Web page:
At this point Baby Boomers are aging out of the housing market. Affluent GenXers and Millennials are driving the bus, and they are having an impact.

Even though the median existing single-family home price has doubled since 2011, homeownership has jumped two full percentage points in 2020, from 65.3% in Q1 to 67.9% in Q2. The obvious catch is that the number of Americans with a secure six-figure income is limited.

The core problem is still that supply has fallen far behind demand. If you agree with Builders FirstSource’s analysis for its recent merger with BMC/Stock Holdings, the U.S. housing market is underbuilt by 4,800,000 units. That’s three full years’ worth of production. Even at full capacity it could take a decade or more to catch up.

If you’re a builder, your marching orders are clear: 1) Build homes as fast as you can, 2) make them affordable for younger buyers, and 3) build single-family if you want to sell them.

50 Shades of Prefab

All this suggests that we’re likely to see a more polarized housing market when we finally emerge from the pandemic. Move-up and semi-custom won’t disappear, but they won’t be a dominant factor again until Millennials enter their peak earning years. That’s a solid decade or more away.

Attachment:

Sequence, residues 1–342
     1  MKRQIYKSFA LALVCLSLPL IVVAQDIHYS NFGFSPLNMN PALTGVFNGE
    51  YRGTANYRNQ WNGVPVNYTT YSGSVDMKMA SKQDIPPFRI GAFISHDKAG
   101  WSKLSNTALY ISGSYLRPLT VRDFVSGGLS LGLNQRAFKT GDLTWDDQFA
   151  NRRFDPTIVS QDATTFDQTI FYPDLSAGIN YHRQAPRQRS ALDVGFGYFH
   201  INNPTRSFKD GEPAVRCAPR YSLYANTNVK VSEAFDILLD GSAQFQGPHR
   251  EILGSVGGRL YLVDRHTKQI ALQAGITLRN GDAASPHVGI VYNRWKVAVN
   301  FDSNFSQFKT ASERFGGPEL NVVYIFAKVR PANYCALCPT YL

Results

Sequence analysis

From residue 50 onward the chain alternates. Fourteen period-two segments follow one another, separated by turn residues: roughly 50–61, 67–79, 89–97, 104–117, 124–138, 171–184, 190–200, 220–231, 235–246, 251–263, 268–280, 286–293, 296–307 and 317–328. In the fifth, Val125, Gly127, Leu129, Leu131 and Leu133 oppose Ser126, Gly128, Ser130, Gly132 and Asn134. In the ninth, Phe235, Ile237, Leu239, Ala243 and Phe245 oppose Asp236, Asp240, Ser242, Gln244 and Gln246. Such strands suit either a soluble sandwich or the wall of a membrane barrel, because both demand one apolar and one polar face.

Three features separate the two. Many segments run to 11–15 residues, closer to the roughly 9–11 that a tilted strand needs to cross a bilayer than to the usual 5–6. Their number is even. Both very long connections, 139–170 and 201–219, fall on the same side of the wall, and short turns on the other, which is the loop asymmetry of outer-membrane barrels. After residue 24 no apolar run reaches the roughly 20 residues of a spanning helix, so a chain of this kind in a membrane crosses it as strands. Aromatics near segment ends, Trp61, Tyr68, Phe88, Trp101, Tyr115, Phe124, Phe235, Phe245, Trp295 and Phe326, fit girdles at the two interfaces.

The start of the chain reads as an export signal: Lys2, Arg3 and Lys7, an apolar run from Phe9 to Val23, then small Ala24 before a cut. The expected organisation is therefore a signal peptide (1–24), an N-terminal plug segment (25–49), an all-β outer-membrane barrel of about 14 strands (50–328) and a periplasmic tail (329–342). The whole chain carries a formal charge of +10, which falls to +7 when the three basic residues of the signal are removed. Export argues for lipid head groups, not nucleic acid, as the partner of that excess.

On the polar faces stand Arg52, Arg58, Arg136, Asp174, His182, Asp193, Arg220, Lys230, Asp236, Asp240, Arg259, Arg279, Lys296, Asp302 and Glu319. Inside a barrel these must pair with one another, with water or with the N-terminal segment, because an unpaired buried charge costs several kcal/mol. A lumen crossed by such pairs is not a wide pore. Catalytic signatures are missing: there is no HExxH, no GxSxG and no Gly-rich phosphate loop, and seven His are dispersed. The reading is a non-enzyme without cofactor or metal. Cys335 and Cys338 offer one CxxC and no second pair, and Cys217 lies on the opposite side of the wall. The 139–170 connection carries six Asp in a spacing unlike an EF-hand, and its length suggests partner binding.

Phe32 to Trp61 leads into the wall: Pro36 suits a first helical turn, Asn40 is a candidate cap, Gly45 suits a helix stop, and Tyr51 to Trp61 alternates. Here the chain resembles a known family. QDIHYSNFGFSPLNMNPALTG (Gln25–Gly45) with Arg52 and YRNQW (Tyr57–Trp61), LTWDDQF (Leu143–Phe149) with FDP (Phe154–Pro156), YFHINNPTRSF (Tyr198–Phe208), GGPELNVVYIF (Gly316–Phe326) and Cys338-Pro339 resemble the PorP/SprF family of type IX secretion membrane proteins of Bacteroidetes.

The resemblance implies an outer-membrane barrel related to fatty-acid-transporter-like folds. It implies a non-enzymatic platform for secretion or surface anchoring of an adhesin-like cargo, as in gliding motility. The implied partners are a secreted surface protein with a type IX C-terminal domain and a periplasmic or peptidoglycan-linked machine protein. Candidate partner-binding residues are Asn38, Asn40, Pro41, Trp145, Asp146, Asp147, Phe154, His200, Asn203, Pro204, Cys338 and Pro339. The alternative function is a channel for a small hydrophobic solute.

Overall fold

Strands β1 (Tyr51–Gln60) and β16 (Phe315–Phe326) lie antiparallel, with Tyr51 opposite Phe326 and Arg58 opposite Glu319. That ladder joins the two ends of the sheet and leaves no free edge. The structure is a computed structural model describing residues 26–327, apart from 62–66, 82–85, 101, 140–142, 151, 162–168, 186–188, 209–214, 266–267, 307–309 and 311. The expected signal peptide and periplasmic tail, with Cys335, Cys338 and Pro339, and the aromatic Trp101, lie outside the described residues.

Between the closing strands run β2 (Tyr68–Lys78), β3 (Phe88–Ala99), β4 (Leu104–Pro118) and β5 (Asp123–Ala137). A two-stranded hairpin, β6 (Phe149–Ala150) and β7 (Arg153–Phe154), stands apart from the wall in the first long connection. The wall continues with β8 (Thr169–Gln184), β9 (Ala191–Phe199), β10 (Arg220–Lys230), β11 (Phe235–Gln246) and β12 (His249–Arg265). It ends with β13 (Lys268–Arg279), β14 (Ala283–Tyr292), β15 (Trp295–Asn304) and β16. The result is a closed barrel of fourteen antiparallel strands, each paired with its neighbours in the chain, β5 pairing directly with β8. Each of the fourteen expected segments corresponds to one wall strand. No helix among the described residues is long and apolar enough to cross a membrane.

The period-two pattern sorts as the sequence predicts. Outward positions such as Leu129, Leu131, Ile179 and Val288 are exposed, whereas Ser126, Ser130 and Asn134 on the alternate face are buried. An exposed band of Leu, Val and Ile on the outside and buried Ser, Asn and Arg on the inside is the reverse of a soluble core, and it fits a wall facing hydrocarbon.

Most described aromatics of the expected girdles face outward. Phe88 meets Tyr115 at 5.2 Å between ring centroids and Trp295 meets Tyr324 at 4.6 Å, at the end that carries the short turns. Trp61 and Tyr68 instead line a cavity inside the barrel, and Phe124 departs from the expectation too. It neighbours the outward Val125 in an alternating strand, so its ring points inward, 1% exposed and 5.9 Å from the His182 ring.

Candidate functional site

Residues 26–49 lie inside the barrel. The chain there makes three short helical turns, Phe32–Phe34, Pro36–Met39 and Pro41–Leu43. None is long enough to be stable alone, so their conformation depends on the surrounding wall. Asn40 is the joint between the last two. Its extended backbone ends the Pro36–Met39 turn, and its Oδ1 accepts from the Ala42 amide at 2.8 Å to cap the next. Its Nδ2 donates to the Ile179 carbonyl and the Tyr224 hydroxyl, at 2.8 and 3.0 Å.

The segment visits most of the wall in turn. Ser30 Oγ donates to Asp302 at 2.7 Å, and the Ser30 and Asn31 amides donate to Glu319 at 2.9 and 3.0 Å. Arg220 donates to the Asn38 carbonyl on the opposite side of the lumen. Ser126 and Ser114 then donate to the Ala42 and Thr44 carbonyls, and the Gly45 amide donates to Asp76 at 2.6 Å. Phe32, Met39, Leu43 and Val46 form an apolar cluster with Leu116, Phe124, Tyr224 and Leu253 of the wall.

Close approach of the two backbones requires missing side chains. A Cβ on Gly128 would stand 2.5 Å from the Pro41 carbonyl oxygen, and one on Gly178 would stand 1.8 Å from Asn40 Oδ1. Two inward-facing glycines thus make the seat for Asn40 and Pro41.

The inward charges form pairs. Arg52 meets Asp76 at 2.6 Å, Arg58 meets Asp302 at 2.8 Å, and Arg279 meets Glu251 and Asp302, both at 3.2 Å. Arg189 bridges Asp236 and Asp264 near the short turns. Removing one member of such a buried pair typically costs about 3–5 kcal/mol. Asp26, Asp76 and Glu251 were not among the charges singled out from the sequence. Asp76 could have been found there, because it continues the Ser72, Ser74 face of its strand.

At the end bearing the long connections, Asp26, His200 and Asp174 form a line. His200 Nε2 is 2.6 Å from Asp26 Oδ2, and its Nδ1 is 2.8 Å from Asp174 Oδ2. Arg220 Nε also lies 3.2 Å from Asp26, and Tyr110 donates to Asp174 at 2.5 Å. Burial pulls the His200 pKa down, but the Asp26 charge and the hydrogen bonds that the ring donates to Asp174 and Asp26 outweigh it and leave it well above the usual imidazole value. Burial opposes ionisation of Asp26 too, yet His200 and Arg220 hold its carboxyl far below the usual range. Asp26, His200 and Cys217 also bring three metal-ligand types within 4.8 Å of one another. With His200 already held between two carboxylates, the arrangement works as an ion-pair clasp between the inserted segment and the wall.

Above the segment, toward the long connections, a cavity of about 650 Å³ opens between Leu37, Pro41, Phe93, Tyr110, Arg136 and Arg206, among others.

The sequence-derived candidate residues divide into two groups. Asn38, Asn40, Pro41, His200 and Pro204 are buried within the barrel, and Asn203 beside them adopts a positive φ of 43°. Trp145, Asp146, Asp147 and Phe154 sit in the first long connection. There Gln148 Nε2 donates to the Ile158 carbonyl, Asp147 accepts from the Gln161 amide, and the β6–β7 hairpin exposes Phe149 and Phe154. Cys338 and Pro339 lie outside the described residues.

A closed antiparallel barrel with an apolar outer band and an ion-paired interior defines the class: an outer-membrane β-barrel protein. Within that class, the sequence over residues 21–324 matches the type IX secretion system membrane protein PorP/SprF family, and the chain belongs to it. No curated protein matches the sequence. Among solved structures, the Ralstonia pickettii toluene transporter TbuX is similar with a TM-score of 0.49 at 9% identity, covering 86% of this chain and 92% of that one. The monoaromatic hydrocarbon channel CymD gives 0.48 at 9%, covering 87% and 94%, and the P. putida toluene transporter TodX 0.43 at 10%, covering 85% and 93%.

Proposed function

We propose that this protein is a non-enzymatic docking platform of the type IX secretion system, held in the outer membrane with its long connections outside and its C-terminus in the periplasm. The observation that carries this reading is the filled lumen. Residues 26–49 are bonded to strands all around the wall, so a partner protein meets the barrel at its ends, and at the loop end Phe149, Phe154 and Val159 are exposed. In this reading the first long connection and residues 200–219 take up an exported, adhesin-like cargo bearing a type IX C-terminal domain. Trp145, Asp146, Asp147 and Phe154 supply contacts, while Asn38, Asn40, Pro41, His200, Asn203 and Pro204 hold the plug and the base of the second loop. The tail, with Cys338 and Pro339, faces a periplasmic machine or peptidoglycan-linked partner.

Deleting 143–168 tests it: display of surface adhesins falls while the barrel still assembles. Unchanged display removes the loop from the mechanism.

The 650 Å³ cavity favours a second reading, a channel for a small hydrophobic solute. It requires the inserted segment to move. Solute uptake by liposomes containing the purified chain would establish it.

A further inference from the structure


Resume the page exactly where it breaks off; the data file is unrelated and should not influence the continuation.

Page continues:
Dealers who have relied heavily on the move-up market may need to expand their focus in order to grow. The question will be Which direction?

The luxury market is always tempting. It’s a steady 10% to 15% of total starts, not overly price-driven, and not overly sensitive to boom-bust cycles. It’s also not easy to break in. If Alfred has the Batmobile running like a top, it’s hard to talk Master Wayne into a new butler.

Most of the action will be in the mosh pit: single-family production for everyone who can afford to buy, multifamily for those who can’t. Both are notoriously price-sensitive—plus, the price of admission is rising as offsite construction catches on.